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ID selectors

From: Dreamweaver CS3 Essential Training

Video: ID selectors

There will probably come a time when you want to style one specific element on a group of pages, such as a navigation bar, or a background color, or a logo, or even a footer that's displayed on every page of the site. This one element should be treated differently than anything else on your site. Now after you learn about class selectors, your immediate solution might be to create a class selector, and apply that class to the footer inside each page. But a more elegant and semantically correct approach is to give the element a unique ID, and then style just that specific element. The more specific you are with your rules, the less likely you are to have issues with something getting incorrectly styled. Now, in this particular example, this is what would show up in your actual style sheet.

ID selectors

There will probably come a time when you want to style one specific element on a group of pages, such as a navigation bar, or a background color, or a logo, or even a footer that's displayed on every page of the site. This one element should be treated differently than anything else on your site. Now after you learn about class selectors, your immediate solution might be to create a class selector, and apply that class to the footer inside each page. But a more elegant and semantically correct approach is to give the element a unique ID, and then style just that specific element. The more specific you are with your rules, the less likely you are to have issues with something getting incorrectly styled. Now, in this particular example, this is what would show up in your actual style sheet.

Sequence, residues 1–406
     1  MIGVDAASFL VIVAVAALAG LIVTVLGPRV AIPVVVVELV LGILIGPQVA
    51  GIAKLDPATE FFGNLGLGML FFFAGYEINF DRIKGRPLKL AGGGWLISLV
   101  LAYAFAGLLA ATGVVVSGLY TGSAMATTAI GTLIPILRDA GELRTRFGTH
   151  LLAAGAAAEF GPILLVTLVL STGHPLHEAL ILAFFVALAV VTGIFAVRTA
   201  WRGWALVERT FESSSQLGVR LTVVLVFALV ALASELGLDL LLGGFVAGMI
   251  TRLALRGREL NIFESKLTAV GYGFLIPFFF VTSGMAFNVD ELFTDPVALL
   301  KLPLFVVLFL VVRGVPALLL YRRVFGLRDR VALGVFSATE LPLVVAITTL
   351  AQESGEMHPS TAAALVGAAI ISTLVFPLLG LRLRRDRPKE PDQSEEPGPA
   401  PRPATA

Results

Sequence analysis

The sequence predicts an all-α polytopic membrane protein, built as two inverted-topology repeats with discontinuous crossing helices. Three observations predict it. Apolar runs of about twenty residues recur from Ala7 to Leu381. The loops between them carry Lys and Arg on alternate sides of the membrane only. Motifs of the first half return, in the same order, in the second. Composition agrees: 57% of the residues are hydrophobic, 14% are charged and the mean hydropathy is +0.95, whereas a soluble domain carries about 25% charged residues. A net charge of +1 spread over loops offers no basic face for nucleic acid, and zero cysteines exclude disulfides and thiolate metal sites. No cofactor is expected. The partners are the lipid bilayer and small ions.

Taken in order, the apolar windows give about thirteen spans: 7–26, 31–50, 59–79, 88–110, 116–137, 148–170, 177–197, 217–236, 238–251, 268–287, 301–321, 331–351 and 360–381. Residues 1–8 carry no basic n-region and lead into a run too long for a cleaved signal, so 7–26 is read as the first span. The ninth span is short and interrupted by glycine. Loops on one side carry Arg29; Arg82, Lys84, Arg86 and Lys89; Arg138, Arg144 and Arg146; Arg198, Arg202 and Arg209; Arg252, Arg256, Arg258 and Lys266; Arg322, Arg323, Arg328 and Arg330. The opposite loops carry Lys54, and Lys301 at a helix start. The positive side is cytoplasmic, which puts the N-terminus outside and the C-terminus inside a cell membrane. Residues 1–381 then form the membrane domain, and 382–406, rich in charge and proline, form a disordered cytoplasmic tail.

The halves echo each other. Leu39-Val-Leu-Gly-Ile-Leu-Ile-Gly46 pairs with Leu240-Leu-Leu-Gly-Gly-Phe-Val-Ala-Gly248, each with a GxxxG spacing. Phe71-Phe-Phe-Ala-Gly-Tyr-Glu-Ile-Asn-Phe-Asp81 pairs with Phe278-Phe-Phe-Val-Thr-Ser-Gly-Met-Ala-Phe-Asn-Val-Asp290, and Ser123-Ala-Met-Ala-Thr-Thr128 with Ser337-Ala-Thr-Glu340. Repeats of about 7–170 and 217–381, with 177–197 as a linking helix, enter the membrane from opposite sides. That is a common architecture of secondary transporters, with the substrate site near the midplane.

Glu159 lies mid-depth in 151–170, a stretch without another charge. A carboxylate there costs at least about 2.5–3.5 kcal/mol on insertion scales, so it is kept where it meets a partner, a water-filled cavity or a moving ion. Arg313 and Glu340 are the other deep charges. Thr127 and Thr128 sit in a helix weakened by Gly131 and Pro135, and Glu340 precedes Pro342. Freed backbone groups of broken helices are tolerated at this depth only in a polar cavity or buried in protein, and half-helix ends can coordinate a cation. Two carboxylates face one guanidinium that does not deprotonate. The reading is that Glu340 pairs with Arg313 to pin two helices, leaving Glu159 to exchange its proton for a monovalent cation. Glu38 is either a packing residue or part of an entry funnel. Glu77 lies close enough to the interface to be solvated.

Now the pound symbol identifies the selector as an ID selector. The text following the pound symbol is the ID of the elements. So the ID in this case is #divCopyright. That's the name of the ID. So the element that appears on your page with the divCopyright attribute will be styled with this particular font size, margin and text alignment. So for example, if this line appears in my XHTML code,

, just like we see up here. The text that actually appears on this page is, "This is the site copyright." This text here will appear in font size of 10, margin of 1em, and text aligned will be centered. No other element in this page will have the same style applied to it, since ID selectors should be unique in each document. You should never have more than one element with the same ID. In some cases, it may work, but you might also have situations where it will crash browsers. So definitely do not use a single ID more than once per page. So let's go back to Dreamweaver.